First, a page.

Origin : Nicaragua
Format : Torpedo
Size : 6.0″ x 52
Wrapper : Ecuadorian Sun Grown
Filler : Nicaraguan Habano
Binder : Nicaragua
Price : $7 each
The Oliva Special S is the Oliva’s top shelf offering in their regular production lines. The limited production Master Blends are the other top shelf line from the Olivas. One thing I noticed on the Oliva site is that they have an aging recommendation for their cigars. The Special S apparently should be aged for five years. I find this a little strange, because to the best of my knowledge Oliva does not date their boxes. I could be wrong because I haven’t bought a whole box of Oliva’s since I bought my box of the original Master Blends several years ago. However, if I’m right and they do not date their boxes, the aging recommendation seems kind of silly to me because there is no real way to know how old the cigars are at the time of purchase. I guess you’d have to start counting from when you bought them. Anyway, as far as I know, this Special S is nowhere near 5 years old. It has been in my humidor for about 2 months.
The Special S is a handsome looking cigar with an elegant presentation. Unfortunately I failed to take a picture before I put the cigar to flame and this one certainly deserved a photo display. I was unable to find an adequate picture anywhere on the web to share with you here. Thanks to the cigar band collection at StogieFresh.com I am at least able to display the band. In addition to the elegant band you see above, the majority of the cigars length is hidden in a cedar sleeve that is decorated at the foot with a deep brown band printed with the words “Special S” and the Oliva “O” logo in shiny gold lettering. The overall effect is a beautifully presented cigar. I have heard a rumor the the Special S’s days are numbered and that there are plans to discontinue this line. I have not been able to find anything to confirm that. I also heard the Master Blend 3 will become a regular production cigar, effectively replacing the Special S as Oliva’s regular production, top-shelf smoke. Again, these rumors are from a single source and I haven’t been able to find any more information on this to confirm it. If it does turn out to be true and you are a fan of the Special S, you may want to think about stocking up.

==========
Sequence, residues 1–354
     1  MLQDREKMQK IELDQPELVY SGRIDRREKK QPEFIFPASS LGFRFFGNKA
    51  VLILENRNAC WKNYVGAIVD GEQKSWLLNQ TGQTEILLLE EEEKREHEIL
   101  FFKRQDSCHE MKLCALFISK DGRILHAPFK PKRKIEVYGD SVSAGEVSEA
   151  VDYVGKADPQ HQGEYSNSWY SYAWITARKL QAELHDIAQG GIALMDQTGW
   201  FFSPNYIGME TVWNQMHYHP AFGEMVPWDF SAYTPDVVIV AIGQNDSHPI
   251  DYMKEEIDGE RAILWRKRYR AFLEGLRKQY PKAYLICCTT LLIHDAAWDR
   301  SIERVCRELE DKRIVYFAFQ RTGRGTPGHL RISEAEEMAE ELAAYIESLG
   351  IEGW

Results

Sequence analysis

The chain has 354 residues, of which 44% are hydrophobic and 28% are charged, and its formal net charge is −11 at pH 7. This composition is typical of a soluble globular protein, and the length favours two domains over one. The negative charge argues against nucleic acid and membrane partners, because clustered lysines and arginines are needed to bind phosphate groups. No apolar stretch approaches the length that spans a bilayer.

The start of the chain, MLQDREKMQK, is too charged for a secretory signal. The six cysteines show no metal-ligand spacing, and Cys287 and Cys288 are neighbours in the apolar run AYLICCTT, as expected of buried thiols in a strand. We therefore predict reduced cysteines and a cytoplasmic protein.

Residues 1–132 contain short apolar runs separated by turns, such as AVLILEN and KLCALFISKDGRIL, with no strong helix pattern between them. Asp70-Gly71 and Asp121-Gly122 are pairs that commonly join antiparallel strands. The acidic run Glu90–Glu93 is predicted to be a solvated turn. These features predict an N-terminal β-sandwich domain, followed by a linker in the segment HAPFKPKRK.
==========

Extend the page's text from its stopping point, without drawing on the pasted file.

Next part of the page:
Even though the Special S sports some nice duds, the cigar can hold its own in the beauty department even if it were naked. The Ecuadorian Sun Grown wrapped used on these smokes is flawless. Smooth with only very tiny veins, it is milk chocolate in color, has an oily sheen, and is perfectly applied to a well filled cigar. I clipped the tapered head with my trusty Palio and tested the draw. It was too tight so I trimmed a bit more off the head in hopes of opening up the draw a little more. It didn’t seem to help so I was left to hope it would loosen up a bit during the smoke. As it turns out it didn’t. The cigar wasn’t plugged and it was certainly smokable, but I had to pull harder than what feels comfortable to me. By the end, my jaw was tired and I developed a bit of a headache because of the tight draw. Other than the draw, which was probably a fluke and not common, there were no other construction related issues. The burn was perfect and the ash firm and well formed. Flavor wise this cigar was pretty good, but nothing I would call “Special” (pun intended). This was a very smooth smoke, medium bodied, and medium in strength. I tasted good flavors of leather and coffee and there was a bit of spice on the finish. The cigar never changed, never did anything to make me think wow, just good solid flavors that remained consistent from start to finish. Near the end it became difficult to keep the cigar lit because of the overly tight draw so I put it down a little sooner than I probably would have otherwise.
The Special S is a good smoke that is refined and smooth. Construction seemed excellent except for the draw problem and the flavors are very enjoyable but one dimensional. I would hope for a bit more from what is supposed to be a premium cigar.